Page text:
In Latest Push To Curb Spending, Joni Ernst Proposes New Bill Targeting Waste In The Pentagon

In Latest Push To Curb Spending, Joni Ernst Proposes New Bill Targeting Waste In The Pentagon

U.S. Sen. Joni Ernst (R-Iowa) introduced legislation last week that seeks to cut waste at the Pentagon by streamlining department storage facilities. The bill, “Defense Storage and Supply Efficiency Improvement Act,” would allow the Department of Defense to shut down and consolidate its warehouses and storage centers to cut costs.

The Government Accountability Office estimates such measures could save the Defense Department more than $500 million by using its distribution centers more efficiently.

The legislation is Ernst’s latest effort to weed out wasteful government spending. She introduced a slew of proposals earlier this year that have yet to gain traction among many members in the Senate.

“We have to be those fiscal watchdogs,” Ernst said in a meeting with reporters in her office.

Ernst’s recent legislation includes the “End-of-Year Fiscal Responsibility Act,” which limits federal agencies in the last two months of the fiscal year from spending more than the average spent per month in the ten months prior. Federal agencies are currently incentivized to spend the remainder of their allocated funds before the fiscal year is over to avoid facing budget cuts, often referred to as “use-it-or-lose-it” spending.

“This legislation would revolutionize federal procurement,” said Adam Andrzejewski, the founder and CEO of the government transparency non-profit Open the Books. Andrzejewski said by making it harder for agencies to go on spending sprees at the end of the year, it would allow government watchdogs to catch wasteful spending much sooner.

A March report from Open the Books reveals that some last-minute government spending sprees included $4.6 million on lobster and crab, $2.1 million on games, toys, and wheeled goods, and more than $300,000 on alcohol. The report also found nearly $25,000 spent on candy and almost $12,000 on a commercial Foosball table.

Ernst has also proposed the “Billion Dollar Boondoggle Act,” which requires the executive branch to provide an annual report listing every government-funded project that is either $1 billion over budget or behind schedule by at least five years, to prompt congressional oversight.

As the nation grapples with more than $22.5 trillion debt — that’s more than $68,000 per citizen and more than $183,000 per taxpayer currently — and rising deficits, Ernst has worked to brand herself as a fiscally conservative senator fighting to make Washington  bureaucrats “squeal” from budget cuts.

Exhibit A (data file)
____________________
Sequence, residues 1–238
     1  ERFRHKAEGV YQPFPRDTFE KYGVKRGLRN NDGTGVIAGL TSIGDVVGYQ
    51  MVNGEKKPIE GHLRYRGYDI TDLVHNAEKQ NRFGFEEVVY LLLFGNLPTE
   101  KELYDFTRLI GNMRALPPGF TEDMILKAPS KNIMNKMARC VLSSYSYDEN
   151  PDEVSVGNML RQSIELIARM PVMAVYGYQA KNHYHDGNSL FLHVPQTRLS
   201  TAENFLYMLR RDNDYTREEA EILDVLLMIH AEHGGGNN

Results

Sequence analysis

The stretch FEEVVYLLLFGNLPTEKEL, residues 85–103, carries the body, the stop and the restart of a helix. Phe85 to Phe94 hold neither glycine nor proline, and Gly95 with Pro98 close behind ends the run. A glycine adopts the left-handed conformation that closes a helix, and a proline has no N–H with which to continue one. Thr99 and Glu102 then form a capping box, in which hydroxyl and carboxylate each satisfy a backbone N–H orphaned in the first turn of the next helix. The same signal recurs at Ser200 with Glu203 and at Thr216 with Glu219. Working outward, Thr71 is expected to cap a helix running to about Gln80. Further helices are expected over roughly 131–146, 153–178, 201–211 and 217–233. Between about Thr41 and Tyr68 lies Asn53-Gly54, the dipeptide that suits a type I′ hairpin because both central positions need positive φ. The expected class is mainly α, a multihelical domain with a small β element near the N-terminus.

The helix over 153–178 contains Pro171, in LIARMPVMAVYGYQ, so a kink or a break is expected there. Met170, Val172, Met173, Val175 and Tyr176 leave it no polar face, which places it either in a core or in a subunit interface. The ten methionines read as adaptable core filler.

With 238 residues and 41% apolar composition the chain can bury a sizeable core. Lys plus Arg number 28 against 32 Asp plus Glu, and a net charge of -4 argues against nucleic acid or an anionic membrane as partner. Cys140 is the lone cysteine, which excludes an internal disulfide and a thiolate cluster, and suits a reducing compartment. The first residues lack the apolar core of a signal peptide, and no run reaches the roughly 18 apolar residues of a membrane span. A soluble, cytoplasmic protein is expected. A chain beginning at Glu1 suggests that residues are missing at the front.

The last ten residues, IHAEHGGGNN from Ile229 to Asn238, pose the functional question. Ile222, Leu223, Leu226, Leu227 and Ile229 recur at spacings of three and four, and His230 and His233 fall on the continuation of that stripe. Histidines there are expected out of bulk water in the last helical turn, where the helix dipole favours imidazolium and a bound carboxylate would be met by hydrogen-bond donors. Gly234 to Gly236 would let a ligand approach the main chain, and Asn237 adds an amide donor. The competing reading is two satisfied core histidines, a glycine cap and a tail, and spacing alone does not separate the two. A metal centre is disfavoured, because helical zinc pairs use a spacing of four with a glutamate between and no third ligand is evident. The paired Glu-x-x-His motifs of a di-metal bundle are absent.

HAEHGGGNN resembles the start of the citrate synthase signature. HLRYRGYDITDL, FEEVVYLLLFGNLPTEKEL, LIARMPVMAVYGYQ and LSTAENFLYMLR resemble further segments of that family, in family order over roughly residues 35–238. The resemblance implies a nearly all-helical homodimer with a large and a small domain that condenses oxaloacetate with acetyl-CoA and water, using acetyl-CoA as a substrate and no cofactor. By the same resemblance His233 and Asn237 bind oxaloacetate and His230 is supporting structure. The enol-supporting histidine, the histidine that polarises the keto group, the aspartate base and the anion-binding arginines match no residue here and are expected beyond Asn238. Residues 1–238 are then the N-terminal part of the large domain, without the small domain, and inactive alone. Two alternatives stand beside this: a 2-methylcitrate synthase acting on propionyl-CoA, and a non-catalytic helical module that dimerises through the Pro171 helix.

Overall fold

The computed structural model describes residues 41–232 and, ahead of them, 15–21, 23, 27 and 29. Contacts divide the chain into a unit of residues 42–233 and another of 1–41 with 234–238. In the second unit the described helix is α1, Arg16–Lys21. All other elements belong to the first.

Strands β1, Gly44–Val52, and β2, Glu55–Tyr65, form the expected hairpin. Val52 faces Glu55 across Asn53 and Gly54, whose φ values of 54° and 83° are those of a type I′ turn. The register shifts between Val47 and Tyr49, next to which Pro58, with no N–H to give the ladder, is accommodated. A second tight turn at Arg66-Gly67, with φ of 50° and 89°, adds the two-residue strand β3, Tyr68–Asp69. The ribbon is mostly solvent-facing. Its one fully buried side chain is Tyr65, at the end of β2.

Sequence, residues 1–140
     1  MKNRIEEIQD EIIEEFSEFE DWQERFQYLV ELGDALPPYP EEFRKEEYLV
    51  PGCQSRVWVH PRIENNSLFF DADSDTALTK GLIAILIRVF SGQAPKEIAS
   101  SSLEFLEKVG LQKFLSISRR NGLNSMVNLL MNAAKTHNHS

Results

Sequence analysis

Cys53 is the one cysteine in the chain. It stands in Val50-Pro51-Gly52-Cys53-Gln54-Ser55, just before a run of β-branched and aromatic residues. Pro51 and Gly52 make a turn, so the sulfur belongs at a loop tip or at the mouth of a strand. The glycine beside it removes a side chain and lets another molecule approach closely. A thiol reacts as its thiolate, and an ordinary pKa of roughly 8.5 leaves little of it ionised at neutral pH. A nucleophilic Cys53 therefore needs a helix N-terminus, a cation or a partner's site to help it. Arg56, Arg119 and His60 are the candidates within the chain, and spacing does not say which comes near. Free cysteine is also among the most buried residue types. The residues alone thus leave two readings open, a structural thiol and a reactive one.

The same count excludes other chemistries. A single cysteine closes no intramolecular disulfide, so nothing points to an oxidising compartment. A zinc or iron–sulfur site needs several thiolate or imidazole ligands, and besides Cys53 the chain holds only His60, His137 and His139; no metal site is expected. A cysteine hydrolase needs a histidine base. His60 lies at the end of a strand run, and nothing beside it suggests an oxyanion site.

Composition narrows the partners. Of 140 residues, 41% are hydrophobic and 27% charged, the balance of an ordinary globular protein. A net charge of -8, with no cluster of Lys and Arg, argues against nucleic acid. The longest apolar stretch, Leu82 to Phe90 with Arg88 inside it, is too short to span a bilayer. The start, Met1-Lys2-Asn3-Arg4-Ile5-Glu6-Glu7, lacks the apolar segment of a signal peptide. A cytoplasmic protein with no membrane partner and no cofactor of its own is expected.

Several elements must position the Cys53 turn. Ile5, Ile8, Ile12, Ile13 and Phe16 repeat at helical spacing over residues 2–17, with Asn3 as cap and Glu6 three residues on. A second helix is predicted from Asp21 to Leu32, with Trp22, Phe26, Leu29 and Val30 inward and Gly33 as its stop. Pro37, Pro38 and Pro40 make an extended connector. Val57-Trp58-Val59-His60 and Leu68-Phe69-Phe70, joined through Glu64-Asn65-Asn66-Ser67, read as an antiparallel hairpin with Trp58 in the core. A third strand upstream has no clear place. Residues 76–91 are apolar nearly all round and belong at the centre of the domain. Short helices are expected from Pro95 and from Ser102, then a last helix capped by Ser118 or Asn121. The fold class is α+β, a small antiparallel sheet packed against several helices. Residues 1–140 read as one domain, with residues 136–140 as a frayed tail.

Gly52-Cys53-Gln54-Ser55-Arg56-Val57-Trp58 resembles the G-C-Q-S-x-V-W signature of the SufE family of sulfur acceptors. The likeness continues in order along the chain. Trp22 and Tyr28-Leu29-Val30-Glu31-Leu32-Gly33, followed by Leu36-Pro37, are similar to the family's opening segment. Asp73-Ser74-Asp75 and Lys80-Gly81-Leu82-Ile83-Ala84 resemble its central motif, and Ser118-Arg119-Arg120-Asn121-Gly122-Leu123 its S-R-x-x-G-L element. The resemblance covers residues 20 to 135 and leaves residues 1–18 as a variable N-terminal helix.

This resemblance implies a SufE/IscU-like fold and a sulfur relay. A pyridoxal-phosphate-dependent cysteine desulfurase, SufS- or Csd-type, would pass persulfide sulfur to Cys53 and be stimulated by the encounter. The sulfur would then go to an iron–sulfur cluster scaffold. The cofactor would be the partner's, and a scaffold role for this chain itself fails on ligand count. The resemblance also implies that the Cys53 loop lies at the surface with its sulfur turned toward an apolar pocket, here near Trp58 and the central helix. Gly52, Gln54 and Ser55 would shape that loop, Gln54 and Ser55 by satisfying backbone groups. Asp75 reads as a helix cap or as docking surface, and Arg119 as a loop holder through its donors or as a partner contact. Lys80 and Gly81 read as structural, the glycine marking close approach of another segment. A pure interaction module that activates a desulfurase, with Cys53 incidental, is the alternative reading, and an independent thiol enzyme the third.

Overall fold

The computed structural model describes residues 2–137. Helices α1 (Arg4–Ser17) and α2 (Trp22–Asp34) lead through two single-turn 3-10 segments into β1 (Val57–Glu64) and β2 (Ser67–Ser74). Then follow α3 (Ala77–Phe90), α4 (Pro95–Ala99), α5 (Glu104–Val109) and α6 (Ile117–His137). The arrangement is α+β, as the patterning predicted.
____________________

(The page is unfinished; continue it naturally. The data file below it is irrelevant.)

Yet Ernst still voted to pass the latest budget compromise in August that increased spending by an additional $320 billion and lifted the federal debt ceiling for two more years.

“That was really a tough pill for me to swallow,” Ernst said of her vote on the budget deal. “What we were faced with was of course a split Congress, and Speaker Pelosi had pretty much laid down the marker and said it’s either this or you get nothing at all, and I certainly didn’t want to shut down the government.”

Ernst stressed that discretionary spending has not risen in recent years nearly as much as mandatory spending and has urged Congress to address the problems with entitlements. At an Iowa town hall earlier this month, Ernst said lawmakers should come together to find changes to Social Security “behind closed doors,” to avoid special interest pressure during the process.

“As various parties and members of Congress, we need to sit down behind closed doors so we’re not being scrutinized by this group or the other and just have an open and honest conversation about what are some of the ideas that we have for maintaining Social Security in the future,” Ernst told her constituents.

Democrats immediately jumped on the comments and criticized the Iowa senator, who is up for re-election next year, for what they say is an attempt to avoid accountability. Partisan attacks like these, when analysts across the political spectrum agree Social Security mathematically cannot pay all the benefits it has currently promised, are a major obstacle to solving the problem. If Social Security and Medicare’s spending are not contained soon, they are set to eventually create a worldwide financial crisis by tanking U.S. government budgets and credit, and therefore the economy.

Tristan Justice is a staff writer at The Federalist focusing on the 2020 presidential campaigns. Follow him on Twitter at @JusticeTristan or contact him at [email protected]
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